When I was younger, I pursued big.
Big house, big job title, big paycheck. I had hopes and dreams off-scale from my reality, and as a result I scrounged and saved and hurled myself at the resources I would require for those extra square feet of happiness.
And I’d be lying if I said that pursuit didn’t make me happy at all. The thrill of buying something I could barely afford was still a thrill, and I felt very confident knowing I owned nice things. I felt like I made those things manifest, even if it was by purchasing them rather than creating them directly. I felt that without me there to buy such wonderful possessions, they never would have existed.
Today, I pursue small.
Small home, no real job title, a paycheck that I can be proud of but not kill myself pursuing. Everything just big enough, but not so minuscule that I feel confined. Definitely small enough that I’m not overshadowed by my possessions or home. I define myself in other terms, now, and I’m much happier for it.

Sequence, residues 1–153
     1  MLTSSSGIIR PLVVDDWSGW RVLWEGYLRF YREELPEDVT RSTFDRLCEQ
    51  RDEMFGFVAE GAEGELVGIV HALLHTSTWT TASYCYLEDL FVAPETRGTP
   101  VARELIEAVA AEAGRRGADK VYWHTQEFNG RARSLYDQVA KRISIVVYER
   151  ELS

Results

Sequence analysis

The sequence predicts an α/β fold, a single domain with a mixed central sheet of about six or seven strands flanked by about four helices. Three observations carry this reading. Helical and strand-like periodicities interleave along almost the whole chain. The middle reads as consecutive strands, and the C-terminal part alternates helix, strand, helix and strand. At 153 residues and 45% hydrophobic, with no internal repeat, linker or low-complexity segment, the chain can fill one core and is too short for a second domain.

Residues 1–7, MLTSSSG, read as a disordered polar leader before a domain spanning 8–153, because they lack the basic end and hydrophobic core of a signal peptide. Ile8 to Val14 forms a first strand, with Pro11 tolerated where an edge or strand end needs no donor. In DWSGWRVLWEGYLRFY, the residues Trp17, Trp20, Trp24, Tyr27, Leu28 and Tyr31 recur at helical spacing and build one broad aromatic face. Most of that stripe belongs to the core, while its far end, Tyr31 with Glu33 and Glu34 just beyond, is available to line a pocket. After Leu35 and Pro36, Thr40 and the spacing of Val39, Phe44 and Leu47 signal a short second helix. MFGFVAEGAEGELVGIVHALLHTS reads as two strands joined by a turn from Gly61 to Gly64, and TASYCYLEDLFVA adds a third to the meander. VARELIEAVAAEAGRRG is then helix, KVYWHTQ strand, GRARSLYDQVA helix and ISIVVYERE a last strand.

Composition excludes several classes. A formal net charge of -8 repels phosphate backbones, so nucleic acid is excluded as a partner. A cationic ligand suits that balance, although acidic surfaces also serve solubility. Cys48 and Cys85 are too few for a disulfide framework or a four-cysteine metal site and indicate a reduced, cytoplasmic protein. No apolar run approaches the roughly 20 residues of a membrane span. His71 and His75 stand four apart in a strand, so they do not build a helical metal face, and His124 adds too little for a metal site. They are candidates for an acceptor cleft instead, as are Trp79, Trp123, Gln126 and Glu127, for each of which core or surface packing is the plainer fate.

The interesting thing about pursuing fewer, smaller things is that you actually end up with more. Not more possessions, necessarily, but more value. More happiness. More life. I never would have thought it possible back when I was working toward a larger home and paycheck, but by applying my effort more thoughtfully, more precisely, the results are far more rewarding.
It’s like the difference between a chainsaw and a scalpel. Both are useful for different things, you just have to figure out whether you want to tear your way through life, burning through fuel and straining your muscles, or if you’d rather develop supple wrist and finger muscles, using them to make very precise, very intentional cuts.
Update: April 10, 2017
It’s amazing how much more useful the same amount of time and effort can be when applied precisely and intentionally, then when applied without real thought or purpose.